My new toy: An extra LARGE microwave kiln for making fused dichroic glass!

When I was invited to teach a glass-fusing class at Maple Grove, I was asked if I could bring a second microwave kiln so I could fire twice as many pieces at once. I decided to invest in an extra large kiln, which is four times the size of my other one. It worked out perfectly because I was able to heat six pieces at once -- and all nine students went home with completed pendants.

Of course, I did a few test runs before using this kiln in public and the first thing I learned is that this tool takes, well, four times longer to heat. When I'm using the small kiln, I usually set the microwave for 30 seconds and then slowly fire my pieces in 15-20 second increments. However, I can't do that with this bigger kiln. It takes about eight minutes to even get hot enough so that the glass gets moving into shape.

As someone who's promoting glass-fusing on a public site, it's my duty to remind you that safety comes first. I frequently write about the minor cuts and burns I get while working, and how important it is to wear safety gloves when operating the kiln. Here's a reminder to also wear protective goggles when cutting glass or dealing with kiln work. I didn't the first time I played around with my big guy. I got complacent because I'd become so comfortable operating the little kiln. But when you're melting glass, there will be smoke and fumes -- especially during the middle of the process. I lifted the kiln mid-way to see how the glass was doing, didn't have goggles on and was hit by a puff of smoke. It went right into my eyes and I couldn't see for a second. I quickly flushed them out with water and was fine after that, but lesson learned. Always, ALWAYS wear safety goggles!

It's taken me a while to get used to the firing times needed for this tool. I generally let the kiln heat for eight minutes, then two more and then I can check on the glass in 15-20 second intervals like I do with the smaller one. Now that I'm getting the hang of it, I've been able to create much bigger pieces, like these statement pendants:

The really long one is almost four inches! I haven't quite figured out what to do with it; whether I want to just hang it from a chain or go all out and turn it into a crazy necklace. This kiln was great, though, for making Christmas ornaments this season. I unfortunately don't have photos, but I made two large glass Christmas trees and big glass mosaic hearts for friends. Each was about three inches and just the perfect size for ornaments. I have a bunch of the giant pre-cut hearts left over. They're way too big to wear as pendants. so I'm thinking they could work as year-round suncatchers.

I love making jewelry, but many friends have suggested to me that I make some other types of glass products. With this kiln, I can create ornaments, coasters, maybe even some small plates if I learn how to slump the glass in a mold. There are so many possibilities!

Check out my handmade jewelry at Naomi's Designs and MayaGirl Creations.

Monday, January 2, 2017

Silver wire wrapped necklace with black briolette, black and clear crystals and spirals

Happy New Year! I wish all of you a healthy, happy and peaceful 2017. We rang ours in in the perfect way: we simply spent the night at my in-laws', where we ate Chinese food and watched the Twilight Zone marathon. It was quiet, relaxing -- and just what we needed.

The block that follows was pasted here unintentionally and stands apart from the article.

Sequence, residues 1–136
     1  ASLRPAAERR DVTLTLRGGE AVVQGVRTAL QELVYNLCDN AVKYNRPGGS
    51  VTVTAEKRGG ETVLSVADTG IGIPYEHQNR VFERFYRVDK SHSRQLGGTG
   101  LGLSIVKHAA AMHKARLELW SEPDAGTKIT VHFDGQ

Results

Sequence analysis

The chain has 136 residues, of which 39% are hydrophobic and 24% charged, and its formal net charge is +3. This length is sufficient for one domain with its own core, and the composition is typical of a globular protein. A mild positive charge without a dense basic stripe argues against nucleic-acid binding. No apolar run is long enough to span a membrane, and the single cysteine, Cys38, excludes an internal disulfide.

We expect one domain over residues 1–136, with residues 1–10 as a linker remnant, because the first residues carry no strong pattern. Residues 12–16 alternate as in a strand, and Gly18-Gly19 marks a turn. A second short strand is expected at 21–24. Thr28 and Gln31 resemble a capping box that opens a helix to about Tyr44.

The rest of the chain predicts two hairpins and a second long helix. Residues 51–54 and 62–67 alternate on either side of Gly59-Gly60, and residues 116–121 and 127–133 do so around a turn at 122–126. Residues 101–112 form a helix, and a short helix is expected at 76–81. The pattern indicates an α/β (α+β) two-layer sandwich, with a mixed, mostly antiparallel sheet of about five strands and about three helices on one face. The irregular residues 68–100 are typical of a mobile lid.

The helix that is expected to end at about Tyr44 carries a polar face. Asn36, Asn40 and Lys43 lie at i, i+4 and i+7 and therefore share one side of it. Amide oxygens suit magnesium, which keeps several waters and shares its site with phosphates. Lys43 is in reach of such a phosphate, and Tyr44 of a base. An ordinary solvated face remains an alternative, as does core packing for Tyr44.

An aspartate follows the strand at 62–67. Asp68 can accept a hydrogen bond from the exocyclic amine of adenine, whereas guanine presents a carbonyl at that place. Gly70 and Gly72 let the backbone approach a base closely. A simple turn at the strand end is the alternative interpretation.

When I was younger, I felt as if my NYE had been a "failure" if I hadn't rung it in in some spectacular way. One time, we went to Atlantic City for the night. Another time, we went down to Washington, D.C. to visit my sister-in-law. Most years, some friend would host a party. However, I no longer feel the need to go crazy on the night of December 31. Truth is, I didn't like those parties all that much. I'm letting them go.

Speaking of letting things go, I've decided to take a break from my enameling class at the Y. I've LOVED that class. I've learned so much, made some beautiful pieces and met wonderful friends... but I'm just not as excited about it as I once was. I've had a lot going on with my glass and music and those have been taking up more of my time. Plus, the enameling class is expensive... and my enamel pieces just don't sell as well as my glass or wire.

The other thing -- and this is hard for me to admit -- is that the class environment has gotten very negative. We've had some memorable discussions about our families, popular culture and world events... but with the way things have gone in 2016, a lot of the talk has been depressing. When it comes to world news, I don't keep my head buried in the sand. I know it's important to be aware. But I really like to keep my art separate from that sort of thing. It's a refuge. I turn to jewelry and music when I need a break from that stuff and enameling was making me feel more anxious than energized.

As of now, I'm simply taking off this semester. I plan to spend my time, well, making jewelry of course, but also networking and seeing if I can get my pieces into some more shops in the area. My goal is to sell my work to two more salons. I also have a similar goal for my music. On Friday, I played a two-hour set at a nearby coffeehouse and really enjoyed the experience. I'd like to book performances at at least two other local restaurants or coffeehouses. So I have a lot of things I'd like to do HERE and figure I should give myself the time to accomplish these goals. I'll see how I feel when the summer semester comes around and can always sign up again, if I want.

Anyway. I haven't made too many pieces in the last couple of weeks because I was preparing for three gigs, but I did finish a few. I made a return to wire wrapping -- yes, I still do that! -- and designed this silver wire wrapped spiral necklace. The black briolettes were a gift from a customer and are large enough to wrap with clear crystals. I then embellished the chain with some additional black and clear crystals. My original plan was to add more crystals to the chain, but I think this is a good balance and doesn't take the design over the top. I also did a version with pink crystals. Really, I can use any color because black is such a versatile base.

It's raining here today, but my husband and I plan to walk downtown. There are several boutiques in the area, so I'm going to mark down the names and then call them this week. See that? I'm already working on my New Year's jewelry resolution!

Start off your 2017 by checking out my handmade jewelry at Naomi's Designs and MayaGirl Creations.